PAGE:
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A Map Towards Fluency

Lisa Kelly

Cover of A Map Towards Fluency by Lisa Kelly
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Categories: 21st Century, British, First Collections, Language, Women
Imprint: Carcanet Poetry
Publisher: Carcanet Press
Available as:
Paperback (112 pages)
(Pub. Jun 2019)
9781784108403
£9.99 £8.99
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(Pub. Jun 2019)
9781784108410
£7.99 £7.19
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  • Description
  • Author
  • Awards
  • Reviews
  • Shortlisted for the Michael Murphy Memorial Poetry Prize 2021

    A Map Towards Fluency
    , Lisa Kelly’s first collection, considers words, the power they impart, the power their absence withholds. Forgetting, mis-hearing, mis-remembering all challenge the imagination to find ways round and ways through. ‘The idea of fluency interests me – and whether we can ever claim fluency in any language.’ Her mother speaking Danish – which she cannot herself understand – is familiar and yet alienating: how Danish can she herself be when she cannot hear her mother’s tongue with understanding? Her own attempts with British Sign Language are another challenge, a form of translation of sense in the absence of sound. ‘I have to work hard to listen and this requires me to place you to my right side, to watch your lips, to watch your hands, to watch your gestures. How can form not matter?’ The poems touch on these themes in various ways, not least in what they do with form.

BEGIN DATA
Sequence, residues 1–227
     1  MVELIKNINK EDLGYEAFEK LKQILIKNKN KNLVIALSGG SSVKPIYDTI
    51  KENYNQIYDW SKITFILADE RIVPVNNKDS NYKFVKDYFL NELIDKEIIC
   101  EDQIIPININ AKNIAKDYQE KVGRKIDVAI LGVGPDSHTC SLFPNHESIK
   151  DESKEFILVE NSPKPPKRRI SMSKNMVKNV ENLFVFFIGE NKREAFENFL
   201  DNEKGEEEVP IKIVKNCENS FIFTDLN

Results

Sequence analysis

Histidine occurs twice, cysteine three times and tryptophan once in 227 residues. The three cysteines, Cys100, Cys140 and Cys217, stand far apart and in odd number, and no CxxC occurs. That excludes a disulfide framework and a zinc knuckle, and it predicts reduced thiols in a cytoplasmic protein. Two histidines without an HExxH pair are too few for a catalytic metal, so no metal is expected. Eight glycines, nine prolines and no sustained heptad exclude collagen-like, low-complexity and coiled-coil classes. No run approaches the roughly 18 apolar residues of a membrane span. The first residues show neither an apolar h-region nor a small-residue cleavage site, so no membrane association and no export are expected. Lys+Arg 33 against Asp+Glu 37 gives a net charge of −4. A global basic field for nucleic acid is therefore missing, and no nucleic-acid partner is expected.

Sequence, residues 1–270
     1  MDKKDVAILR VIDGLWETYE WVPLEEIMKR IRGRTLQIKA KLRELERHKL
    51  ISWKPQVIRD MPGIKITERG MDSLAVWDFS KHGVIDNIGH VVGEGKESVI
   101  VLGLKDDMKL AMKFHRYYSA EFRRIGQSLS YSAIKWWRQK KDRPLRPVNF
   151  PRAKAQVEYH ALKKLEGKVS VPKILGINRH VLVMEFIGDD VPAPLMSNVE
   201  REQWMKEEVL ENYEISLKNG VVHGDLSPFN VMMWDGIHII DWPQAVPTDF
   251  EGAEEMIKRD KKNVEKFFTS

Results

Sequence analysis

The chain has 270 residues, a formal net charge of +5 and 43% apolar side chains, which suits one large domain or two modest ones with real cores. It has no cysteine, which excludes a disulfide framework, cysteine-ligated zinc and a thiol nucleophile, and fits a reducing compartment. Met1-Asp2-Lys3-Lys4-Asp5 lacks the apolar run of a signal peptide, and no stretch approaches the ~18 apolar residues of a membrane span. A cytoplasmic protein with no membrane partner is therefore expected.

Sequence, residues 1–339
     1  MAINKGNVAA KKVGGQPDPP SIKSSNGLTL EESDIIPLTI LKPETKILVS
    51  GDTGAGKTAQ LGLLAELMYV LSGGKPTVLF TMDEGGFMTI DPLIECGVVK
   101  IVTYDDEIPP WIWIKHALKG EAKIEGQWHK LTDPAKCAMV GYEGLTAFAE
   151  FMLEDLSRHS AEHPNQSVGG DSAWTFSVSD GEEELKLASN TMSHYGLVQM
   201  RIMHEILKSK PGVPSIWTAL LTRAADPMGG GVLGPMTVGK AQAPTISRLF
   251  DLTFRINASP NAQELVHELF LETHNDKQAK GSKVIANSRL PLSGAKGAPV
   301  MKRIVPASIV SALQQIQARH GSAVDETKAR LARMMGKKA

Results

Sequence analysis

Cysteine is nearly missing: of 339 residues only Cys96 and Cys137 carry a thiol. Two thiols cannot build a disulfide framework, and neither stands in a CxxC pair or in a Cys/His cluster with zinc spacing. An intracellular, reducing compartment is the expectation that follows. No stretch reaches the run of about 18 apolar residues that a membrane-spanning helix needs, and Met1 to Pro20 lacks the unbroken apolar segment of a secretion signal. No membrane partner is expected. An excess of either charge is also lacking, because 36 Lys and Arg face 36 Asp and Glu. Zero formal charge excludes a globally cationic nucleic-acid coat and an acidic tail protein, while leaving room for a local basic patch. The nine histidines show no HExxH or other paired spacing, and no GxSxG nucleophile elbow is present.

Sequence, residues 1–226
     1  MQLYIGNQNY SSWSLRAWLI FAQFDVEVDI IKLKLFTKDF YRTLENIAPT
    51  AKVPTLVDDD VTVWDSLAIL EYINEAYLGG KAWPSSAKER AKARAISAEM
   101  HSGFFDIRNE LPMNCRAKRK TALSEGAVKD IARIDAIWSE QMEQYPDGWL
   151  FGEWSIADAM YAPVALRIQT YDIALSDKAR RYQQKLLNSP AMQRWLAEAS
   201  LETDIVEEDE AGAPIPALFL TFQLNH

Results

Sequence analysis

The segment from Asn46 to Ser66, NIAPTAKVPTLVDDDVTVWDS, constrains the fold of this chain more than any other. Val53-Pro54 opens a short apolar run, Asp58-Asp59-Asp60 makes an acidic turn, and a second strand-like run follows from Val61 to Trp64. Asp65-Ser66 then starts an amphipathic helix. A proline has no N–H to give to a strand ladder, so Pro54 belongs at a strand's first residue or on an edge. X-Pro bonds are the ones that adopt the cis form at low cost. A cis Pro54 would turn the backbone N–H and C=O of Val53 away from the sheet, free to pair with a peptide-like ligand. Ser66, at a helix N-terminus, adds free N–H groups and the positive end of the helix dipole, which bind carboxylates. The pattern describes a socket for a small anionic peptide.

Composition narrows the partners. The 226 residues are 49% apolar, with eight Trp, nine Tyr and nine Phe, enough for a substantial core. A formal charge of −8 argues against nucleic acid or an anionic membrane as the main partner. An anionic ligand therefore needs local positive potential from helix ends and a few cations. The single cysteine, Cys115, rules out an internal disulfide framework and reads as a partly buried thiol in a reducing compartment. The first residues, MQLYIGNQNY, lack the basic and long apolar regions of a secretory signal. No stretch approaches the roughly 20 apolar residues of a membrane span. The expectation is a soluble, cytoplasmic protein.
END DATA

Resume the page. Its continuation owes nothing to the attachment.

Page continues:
Lisa Kelly has single-sided deafness. She is also half Danish. Her debut, A Map Towards Fluency (Carcanet 2019), was shortlisted for for the Michael Murphy Memorial Poetry Prize 2021. She is co-Chair of Magma Poetry and a regular host of poetry evenings at the Torriano Meeting House, London. She has been ... read more
    Awards won by Lisa Kelly Commended, 2023 A Poetry Book Society Summer Recommendation (The House of the Interpreter) Short-listed, 2021 The Michael Murphy Memorial Poetry Prize (A Map Towards Fluency)
    'A Map Towards Fluency is an experimentation of the written language and a must-read for anyone interested in the amalgamation of the audible and the visual. it shows an impressive imagination and originality.'
    Maria Sjöstrand, DURA Dundee
       'For me, a great many debut collections tend to have a lot of filler in them, but not so with Kelly. The core strength of the work is impressively maintained from beginning to end. There are more ideas per page here than most collections of poetry could only dream of and it will be an absolute travesty if A Map Towards Fluency doesn't win a major prize in the coming year.'
    Richard Skinner, Write Out Loud
    'informed and thematically complex... [Lisa Kelly] loves every aspect of writing poetry: the language which forms it, the literature which precedes it, the art which inspires it, and the lives which make it personal and accessible.'
    Emma Desphande, The London Magazine
    'Lisa Kelly searchingly translates for us the intimate connections between language and the body, between symbol and experience.'
    Jane Draycott
    'Lisa Kelly's poems are every bit attentive as they are inventive. Whether on hearing and deafness, or amongst oysters and aphids, she writes with an instinctive and joyful aplomb, which is unafraid of stretching the possibilities of language itself.'
    Jane Commane
    Praise for Lisa Kelly 'Like a dose of Psilocybin, these poems are carefully measured to make new, synaptic connections whilst radically expanding the cellular domain of the page.'
    Kate Simpson, Poetry London
    'I love Kelly's ability to write about BSL, about caterpillars, and especially mushrooms with great wit and style. Reading these poems left me politically impassioned and in a state of wonder at the fresh way she regards her own body and the natural world.'
    Daljit Nagra, Poetry Extra, BBC R4x